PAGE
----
Should I Pay An Old Medical Bill in Collections?
Medical bills are one of the worst kind of bills to have as a) they are expensive even with insurance and b) they often come at a time when you are either too hurt or ill to work. For these two reasons, many medical bills end up making their way into collections, leaving the patient with both physical ailments and hurt credit. If your medical bills have gone into collections and if you are thinking about making a payment in order to pull them out of collections, you may want to talk to a knowledgeable West Palm Beach debt attorney first. While paying off your medical debt is the best thing to do if you have the fund, if you cannot afford to pay it off all at once, acknowledging the debt by making a payment may do more harm than good. Before you address your medical debt, there are a few considerations you may want to make first.
The Fair Isaac Corporation—more commonly known as FICO—is responsible for providing lenders with all the information they need to determine the creditworthiness of an applicant. Just recently, FICO has undergone a bit of a revamp meant to provide a more accurate reflection of the financial viability of a loan applicant. While most of FICO’s previous system has not changed, one aspect that has is that which gives weight to medical bills.
Until recently, FICO gave great weight to outstanding medical bills. However, because too many people were unable to pay their medical bills, the corporation came to the realization that people do not have control over their health and so decided to give less emphasis to unpaid medical bills. FICO 9 takes the view that unpaid medical bills paint an accurate picture of someone’s creditworthiness as everyone has them. Furthermore, while the organization expects people to plan for medical bills, it understands that expecting people to plan for thousands of dollars in unplanned medical expenses is unrealistic.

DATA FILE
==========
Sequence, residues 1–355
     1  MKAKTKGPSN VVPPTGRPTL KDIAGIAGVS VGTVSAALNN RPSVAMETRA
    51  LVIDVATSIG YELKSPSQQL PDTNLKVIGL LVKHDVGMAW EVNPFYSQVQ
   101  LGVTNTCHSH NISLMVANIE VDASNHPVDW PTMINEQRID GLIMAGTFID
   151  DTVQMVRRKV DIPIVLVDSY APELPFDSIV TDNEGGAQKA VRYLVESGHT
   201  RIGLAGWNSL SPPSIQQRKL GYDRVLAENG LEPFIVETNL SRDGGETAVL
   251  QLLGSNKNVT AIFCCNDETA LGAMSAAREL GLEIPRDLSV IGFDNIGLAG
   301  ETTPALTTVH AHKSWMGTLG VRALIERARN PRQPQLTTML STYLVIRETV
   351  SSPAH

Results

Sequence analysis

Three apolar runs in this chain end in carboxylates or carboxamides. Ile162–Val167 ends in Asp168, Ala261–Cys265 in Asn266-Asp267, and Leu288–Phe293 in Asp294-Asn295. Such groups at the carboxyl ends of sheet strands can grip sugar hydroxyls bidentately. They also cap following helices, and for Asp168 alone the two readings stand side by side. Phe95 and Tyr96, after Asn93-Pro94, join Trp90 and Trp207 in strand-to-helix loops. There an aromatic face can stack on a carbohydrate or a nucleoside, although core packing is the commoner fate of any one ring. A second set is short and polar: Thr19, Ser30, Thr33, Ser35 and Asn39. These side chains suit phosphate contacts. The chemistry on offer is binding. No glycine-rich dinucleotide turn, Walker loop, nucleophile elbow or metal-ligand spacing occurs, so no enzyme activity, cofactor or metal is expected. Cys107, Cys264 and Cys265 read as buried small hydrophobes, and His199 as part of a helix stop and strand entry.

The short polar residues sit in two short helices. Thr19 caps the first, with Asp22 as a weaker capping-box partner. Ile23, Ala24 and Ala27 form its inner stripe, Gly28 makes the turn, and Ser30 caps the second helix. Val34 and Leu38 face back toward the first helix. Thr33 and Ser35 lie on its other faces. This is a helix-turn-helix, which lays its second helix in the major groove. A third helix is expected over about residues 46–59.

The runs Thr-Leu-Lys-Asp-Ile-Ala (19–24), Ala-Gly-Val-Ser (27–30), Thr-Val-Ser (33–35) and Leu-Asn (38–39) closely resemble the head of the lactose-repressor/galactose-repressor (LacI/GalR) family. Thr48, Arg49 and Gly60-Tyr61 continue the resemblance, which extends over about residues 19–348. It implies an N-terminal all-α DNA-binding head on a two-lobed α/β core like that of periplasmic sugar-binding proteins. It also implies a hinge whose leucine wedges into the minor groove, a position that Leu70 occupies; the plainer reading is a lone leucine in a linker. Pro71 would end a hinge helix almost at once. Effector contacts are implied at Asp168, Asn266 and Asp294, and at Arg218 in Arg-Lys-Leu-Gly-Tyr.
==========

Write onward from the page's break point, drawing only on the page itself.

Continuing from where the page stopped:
That said, if you are unable to make payments on your medical bills, it will still get sent to collections. However, FICO 9 makes it so that if you pay back your medical bills in full, the corporation will disregard the fact that it was ever in collections. This means that your score won’t be impacted by non-payment. If you cannot make a payment in full, you can set up a repayment plan with the provider.
The Drawbacks of FICO 9
The major drawback of FICO 9 is that if your debt was reported as unpaid before being sent to collections, the damage will have been done. While it is rare for an original provider to report to the credit agencies, it does happen. If this is the case with your medical debt, then it may not be worth it for you to try and make payments towards your debt. Not only will making payments bring the debt back to life (therefore harming your credit score even further) but also, making payments will not undo anything.
Statute of Limitations on Medical Debts
In Florida, the statute of limitations on medical debt is five years. Before this five-year period is up, medical institutions can sue for non-payment; after the five years is up, creditors can no longer harass or contact you regarding the bill. However, the debt does not get wiped from your credit report if it remains unpaid. Furthermore, if you make just a small payment towards it as opposed to paying the whole debt off, it will come out of collections and reset the clock on the five-year period, which means you are no longer safe from creditors.
Seek the Guidance of a Knowledgeable West Palm Beach Debt Attorney
At The Port Law Firm, our debt lawyers are well versed in debt collection law and routinely help consumers understand the implications of paying off debts that are already in collections. If you cannot afford to make a full payment towards your medical debt, do not make any moves until you have spoken to a knowledgeable debt lawyer. Oftentimes, the worst thing you can do if you are already in a tight financial situation is to revive old debt.